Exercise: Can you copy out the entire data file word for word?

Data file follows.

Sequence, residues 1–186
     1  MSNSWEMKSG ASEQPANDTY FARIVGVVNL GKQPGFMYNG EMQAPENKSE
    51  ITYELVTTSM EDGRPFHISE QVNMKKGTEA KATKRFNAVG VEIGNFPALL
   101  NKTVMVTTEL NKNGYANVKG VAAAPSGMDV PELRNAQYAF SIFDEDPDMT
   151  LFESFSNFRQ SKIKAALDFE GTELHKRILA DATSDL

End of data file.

Sequence, residues 1–186
     1  MSNSWEMKSG ASEQPANDTY FARIVGVVNL GKQPGFMYNG EMQAPENKSE
    51  ITYELVTTSM EDGRPFHISE QVNMKKGTEA KATKRFNAVG VEIGNFPALL
   101  NKTVMVTTEL NKNGYANVKG VAAAPSGMDV PELRNAQYAF SIFDEDPDMT
   151  LFESFSNFRQ SKIKAALDFE GTELHKRILA DATSDL